[code language="python"]-r base.txtcoverage==4.4.1flake8==3.4.1factory-boy==2.9.2# pytestpytest-cov==2.4.0pytest-django==3.1.2pytest-factoryboy==1.3.1pytest-mock==1.6.0pytest-sugar==0.9.0[/code]


This file combines production and test files:

[code language="python"]-r test.txt-r production.txtdjango-extensions==1.9.0ipdb==0.10.3[/code]It’s time to configure the settings of each environment.

Splitting settings

First, you need to remove settings.py from the main folder of your Django app djangohotspot/djangohotspot/settings.py and create new Python module named config, where you create another module, settings, where all the settings files will be stored. The structure of your project has changed and should look like this now:

[code](djangohotspot) ╭ ~/Workspace/  ╰$ tree djangohotspotdjangohotspot├── config│   ├── __init__.py│   └── settings│   ├── base.py│   ├── __init__.py│   ├── local.py│   ├── production.py│   └── test.py├── djangohotspot│   ├── __init__.py│   ├── urls.py│   └── wsgi.py├── manage.py└── requirements ├── base.txt ├── local.txt ├── production.txt └── test.txt[/code]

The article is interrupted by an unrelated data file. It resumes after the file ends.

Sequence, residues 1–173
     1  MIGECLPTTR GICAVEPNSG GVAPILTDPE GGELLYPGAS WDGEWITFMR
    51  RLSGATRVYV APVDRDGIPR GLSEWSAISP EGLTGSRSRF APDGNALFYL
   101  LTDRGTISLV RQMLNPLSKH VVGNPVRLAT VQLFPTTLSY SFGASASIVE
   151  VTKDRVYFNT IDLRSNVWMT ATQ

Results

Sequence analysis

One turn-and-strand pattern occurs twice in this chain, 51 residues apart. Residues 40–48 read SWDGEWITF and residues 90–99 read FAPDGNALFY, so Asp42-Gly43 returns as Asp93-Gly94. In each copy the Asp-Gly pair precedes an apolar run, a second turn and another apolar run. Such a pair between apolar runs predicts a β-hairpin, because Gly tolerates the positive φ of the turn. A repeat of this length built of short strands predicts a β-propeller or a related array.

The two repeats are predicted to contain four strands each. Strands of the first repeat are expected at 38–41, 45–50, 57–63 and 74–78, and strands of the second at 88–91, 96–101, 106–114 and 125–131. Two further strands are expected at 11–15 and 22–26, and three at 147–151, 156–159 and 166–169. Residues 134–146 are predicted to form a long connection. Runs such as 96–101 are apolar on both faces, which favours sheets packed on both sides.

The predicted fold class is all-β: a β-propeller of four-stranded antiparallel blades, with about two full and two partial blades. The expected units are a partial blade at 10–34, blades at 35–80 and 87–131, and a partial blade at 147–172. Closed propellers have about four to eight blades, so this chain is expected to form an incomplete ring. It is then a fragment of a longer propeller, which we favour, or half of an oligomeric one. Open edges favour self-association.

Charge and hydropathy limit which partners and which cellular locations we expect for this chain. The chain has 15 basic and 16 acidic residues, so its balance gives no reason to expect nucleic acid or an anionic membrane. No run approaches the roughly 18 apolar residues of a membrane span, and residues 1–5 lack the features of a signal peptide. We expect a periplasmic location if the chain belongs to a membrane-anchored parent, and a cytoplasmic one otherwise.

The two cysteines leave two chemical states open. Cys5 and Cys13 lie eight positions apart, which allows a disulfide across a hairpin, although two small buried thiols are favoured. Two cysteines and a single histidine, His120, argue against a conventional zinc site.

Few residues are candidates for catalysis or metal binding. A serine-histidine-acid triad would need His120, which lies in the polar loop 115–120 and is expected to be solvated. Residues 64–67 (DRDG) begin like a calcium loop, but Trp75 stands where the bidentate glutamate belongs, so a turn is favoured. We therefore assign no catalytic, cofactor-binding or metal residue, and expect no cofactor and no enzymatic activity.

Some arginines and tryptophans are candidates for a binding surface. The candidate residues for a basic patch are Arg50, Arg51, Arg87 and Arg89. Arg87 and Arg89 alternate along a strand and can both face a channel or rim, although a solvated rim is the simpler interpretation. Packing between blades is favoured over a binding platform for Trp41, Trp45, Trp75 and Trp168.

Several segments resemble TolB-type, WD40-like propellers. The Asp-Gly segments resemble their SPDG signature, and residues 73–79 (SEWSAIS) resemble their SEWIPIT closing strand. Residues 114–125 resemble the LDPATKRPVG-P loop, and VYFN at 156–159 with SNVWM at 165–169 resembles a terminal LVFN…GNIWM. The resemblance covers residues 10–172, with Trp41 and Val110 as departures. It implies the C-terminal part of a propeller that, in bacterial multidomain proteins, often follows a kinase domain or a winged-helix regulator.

To configure settings in base.py in this example, I have used the django-environ library.

[code language="python"]ROOT_DIR = environ.Path(__file__) - 3  # djangohotspot/APPS_DIR = ROOT_DIR.path('djangohotspot')  # path for django appsINSTALLED_APPS = DJANGO_APPS + THIRD_PARTY_APPS + LOCAL_APPSAUTOSLUG_SLUGIFY_FUNCTION = 'slugify.slugify' # allows you to define a function for unicode-supported SlugDATABASES = { 'default': env.db('DATABASE_URL', default='postgres:///djangohotspot'), }DATABASES['default']['ATOMIC_REQUESTS'] = True # allows you to open and commit transaction when there are no exceptions.